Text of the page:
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DOLLYR_MG_5981Eat­ing is a cent­ral part of daily life. For gen­er­a­tions fam­il­ies have gathered around the table, their daily lives busy with the pre­par­a­tion of food and the joy of cel­eb­rat­ing togeth­er. At Arobake we also place the emphas­is on the cent­ral­ity of food — good bak­ing, fam­ily and feasts, embra­cing tra­di­tions from over the ages as well as our own. Wheth­er it’s break­ing bread amongst friends or set­tling down with some­thing sticky and sweet, I believe it is import­ant to take time to appre­ci­ate and cel­eb­rate fam­ily, friends and good food. If you bake up our polenta and Parmes­an loaf, your gath­er­ing will truly trans­form into a feast.


Polenta and Parmesan loaf





  • 60g polenta (I like coarse polenta, or corn grits)
  • 240ml water



  • 12g fresh yeast (or 4g dried yeast)
  • 290ml water
  • 545g high-grade flour
  • 18g salt
  • 50g Parmes­an, cubed



  1. The day before, bring the water to the boil and add the polenta — if using instant polenta, cook for 3 minutes from boil­ing, or if using tra­di­tion­al polenta, cook for about 35 minutes or 18 minutes in the microwave. Store in a sealed con­tain­er after cook­ing, to pre­vent a dry skin from form­ing, and keep at room tem­per­at­ure so you don’t chill the dough when you add it the next day.
  2. The next day, make the dough. Pour the water into a bowl and break in the fresh yeast, or sprinkle in the dried yeast if using.
  3. Add the flour and salt, then whisk with a coarse whisk or beat with a spoon until smooth-look­ing (this will be a workout if you are doing it by hand). Altern­at­ively, toss it in a mix­er with a hook and run on a medi­um speed. The res­ult­ing dough will be quite sticky.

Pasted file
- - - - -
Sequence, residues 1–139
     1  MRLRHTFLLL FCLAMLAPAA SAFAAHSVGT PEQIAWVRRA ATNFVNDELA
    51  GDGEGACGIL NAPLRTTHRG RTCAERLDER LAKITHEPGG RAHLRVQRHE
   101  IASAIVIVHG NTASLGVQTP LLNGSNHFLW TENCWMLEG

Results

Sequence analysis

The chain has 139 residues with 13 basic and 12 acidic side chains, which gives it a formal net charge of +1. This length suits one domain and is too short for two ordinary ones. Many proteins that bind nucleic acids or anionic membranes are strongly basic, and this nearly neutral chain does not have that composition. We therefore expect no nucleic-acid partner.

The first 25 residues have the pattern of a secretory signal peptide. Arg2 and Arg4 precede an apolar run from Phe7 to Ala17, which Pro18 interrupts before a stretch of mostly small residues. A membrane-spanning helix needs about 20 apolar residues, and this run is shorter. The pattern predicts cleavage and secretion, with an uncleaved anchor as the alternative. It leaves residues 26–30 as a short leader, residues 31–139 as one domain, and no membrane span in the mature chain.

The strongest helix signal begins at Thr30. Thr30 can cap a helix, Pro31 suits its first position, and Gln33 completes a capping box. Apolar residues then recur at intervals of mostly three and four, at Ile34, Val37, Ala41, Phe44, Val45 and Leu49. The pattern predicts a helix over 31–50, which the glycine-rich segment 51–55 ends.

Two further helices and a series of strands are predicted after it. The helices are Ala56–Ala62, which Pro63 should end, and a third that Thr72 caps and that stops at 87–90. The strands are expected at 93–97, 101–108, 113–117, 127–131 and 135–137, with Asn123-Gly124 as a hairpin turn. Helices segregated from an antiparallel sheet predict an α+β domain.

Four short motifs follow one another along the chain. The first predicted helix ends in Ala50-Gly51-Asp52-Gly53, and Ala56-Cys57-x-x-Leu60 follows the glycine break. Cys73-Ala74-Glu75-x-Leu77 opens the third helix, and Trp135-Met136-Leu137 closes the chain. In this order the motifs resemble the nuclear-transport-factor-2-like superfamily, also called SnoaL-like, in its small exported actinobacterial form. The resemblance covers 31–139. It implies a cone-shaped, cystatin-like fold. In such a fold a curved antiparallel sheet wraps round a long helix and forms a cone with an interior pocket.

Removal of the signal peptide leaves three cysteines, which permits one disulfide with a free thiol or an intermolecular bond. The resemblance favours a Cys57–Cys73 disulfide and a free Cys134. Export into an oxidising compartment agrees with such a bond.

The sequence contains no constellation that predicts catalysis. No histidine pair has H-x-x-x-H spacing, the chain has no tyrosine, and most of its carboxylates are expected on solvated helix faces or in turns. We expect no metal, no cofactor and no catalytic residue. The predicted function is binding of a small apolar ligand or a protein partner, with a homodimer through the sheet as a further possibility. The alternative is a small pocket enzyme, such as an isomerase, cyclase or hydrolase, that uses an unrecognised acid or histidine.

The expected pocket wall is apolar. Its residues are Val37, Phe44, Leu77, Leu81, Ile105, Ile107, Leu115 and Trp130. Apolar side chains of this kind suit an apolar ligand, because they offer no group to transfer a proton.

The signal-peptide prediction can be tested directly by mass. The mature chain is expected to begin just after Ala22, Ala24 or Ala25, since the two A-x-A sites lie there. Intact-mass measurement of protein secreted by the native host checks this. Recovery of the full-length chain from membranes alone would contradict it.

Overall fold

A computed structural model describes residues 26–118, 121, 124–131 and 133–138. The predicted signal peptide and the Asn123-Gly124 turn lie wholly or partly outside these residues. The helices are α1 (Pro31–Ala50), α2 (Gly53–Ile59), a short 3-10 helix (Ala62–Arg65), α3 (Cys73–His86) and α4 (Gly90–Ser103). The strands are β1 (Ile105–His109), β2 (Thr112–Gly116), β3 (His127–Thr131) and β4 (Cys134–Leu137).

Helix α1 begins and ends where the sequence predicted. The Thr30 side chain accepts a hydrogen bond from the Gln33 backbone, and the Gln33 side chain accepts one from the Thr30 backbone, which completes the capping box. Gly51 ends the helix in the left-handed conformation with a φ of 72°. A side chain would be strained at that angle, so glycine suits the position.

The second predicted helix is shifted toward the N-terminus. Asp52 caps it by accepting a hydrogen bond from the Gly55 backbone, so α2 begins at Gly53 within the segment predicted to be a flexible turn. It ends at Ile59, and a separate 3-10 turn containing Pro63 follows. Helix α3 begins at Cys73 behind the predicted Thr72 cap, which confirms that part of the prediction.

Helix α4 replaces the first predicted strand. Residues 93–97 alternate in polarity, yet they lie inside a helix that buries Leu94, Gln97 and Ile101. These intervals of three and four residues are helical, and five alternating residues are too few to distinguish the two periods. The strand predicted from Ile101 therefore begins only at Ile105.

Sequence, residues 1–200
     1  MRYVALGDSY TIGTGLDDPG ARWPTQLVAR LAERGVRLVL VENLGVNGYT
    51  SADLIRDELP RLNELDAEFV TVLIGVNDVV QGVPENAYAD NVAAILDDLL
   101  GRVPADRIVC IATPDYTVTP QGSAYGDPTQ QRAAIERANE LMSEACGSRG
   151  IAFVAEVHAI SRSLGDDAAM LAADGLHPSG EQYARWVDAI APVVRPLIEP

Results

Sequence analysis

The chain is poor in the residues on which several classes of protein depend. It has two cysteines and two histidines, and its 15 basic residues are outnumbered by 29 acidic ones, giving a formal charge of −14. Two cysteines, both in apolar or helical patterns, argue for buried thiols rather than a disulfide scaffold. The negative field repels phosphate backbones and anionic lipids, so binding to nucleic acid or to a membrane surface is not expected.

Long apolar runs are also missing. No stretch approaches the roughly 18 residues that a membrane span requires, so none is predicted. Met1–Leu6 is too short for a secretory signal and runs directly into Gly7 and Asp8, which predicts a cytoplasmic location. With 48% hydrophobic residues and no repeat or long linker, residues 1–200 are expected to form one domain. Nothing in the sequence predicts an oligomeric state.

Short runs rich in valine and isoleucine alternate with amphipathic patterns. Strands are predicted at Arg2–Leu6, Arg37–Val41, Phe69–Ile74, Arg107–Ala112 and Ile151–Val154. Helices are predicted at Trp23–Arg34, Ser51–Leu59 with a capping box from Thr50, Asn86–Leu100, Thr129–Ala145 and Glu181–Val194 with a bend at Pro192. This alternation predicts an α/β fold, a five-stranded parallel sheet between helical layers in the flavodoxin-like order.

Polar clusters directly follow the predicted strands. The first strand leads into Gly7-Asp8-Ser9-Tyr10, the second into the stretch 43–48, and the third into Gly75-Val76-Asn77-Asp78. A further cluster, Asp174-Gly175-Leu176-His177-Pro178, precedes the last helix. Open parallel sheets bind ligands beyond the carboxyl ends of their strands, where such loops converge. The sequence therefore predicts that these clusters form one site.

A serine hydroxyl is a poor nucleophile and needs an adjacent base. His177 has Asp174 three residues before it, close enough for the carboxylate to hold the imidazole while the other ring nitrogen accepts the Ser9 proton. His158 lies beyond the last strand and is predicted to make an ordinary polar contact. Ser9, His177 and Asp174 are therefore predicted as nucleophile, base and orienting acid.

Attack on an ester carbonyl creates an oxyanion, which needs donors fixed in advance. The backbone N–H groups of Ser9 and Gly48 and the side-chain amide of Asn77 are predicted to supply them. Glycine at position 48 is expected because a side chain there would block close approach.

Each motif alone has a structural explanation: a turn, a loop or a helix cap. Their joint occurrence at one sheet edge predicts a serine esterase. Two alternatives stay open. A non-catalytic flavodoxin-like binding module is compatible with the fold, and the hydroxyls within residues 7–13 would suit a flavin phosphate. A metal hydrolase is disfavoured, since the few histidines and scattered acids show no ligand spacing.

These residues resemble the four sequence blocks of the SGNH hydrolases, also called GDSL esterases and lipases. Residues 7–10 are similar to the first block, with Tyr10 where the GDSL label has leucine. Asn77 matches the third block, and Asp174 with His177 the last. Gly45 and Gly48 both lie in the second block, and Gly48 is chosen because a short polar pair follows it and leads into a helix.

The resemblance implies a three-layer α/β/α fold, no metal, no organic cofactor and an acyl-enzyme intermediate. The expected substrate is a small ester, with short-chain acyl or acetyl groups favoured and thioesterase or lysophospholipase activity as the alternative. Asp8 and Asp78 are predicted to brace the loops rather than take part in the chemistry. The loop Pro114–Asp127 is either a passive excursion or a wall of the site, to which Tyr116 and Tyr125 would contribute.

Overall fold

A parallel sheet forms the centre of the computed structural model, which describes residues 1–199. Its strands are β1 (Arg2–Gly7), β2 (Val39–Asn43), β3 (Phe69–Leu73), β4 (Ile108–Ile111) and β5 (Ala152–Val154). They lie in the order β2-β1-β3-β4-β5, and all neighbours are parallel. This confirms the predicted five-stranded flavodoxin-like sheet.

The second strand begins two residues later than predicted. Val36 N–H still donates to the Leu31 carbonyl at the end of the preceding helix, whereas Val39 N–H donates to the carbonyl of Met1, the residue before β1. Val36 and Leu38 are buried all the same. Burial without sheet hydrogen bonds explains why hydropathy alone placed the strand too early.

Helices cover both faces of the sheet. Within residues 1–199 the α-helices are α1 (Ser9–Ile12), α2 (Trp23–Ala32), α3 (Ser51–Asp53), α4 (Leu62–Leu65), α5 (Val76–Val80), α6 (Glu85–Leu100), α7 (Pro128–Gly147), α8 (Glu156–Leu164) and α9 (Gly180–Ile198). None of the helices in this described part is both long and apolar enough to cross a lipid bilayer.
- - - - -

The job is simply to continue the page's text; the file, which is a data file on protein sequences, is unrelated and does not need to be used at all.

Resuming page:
4. Break the polenta into the dough and mix until stretchy. Allow it to sit covered for 45 minutes in an oiled flat dish.
  5. Spread the Parmes­an cubes over the dough and fold in. Rest the dough for anoth­er 20 minutes, then shape it gently into two round loaves (if you mould the dough too firmly, the Parmes­an will pop out the sides).
  6. Place the loaves seam down on a well-floured board, cov­er with a tea tow­el and sit on top of the oven for 15–20 minutes.
  7. While the loaves are rising, pre­heat the oven to 220˚C. Use a bread stone if you have one, oth­er­wise leave a steel baking/drip catch­er in the oven.
  8. Once the loaves are ready to bake, turn them so the seam is facing up and slide them onto the tray in the oven.
  9. Reduce the heat to 190˚C after 10 minutes and bake for anoth­er 25 minutes. Cool on a wire rack.


If you are keen

Make one-quarter of the dough the day before without the polenta. Let it rise for an hour, then store it in the fridge overnight. The next day, make the oth­er three-quar­ters of the dough with all the ingredi­ents and pro­ceed as above. Enjoy!

Makes two loaves

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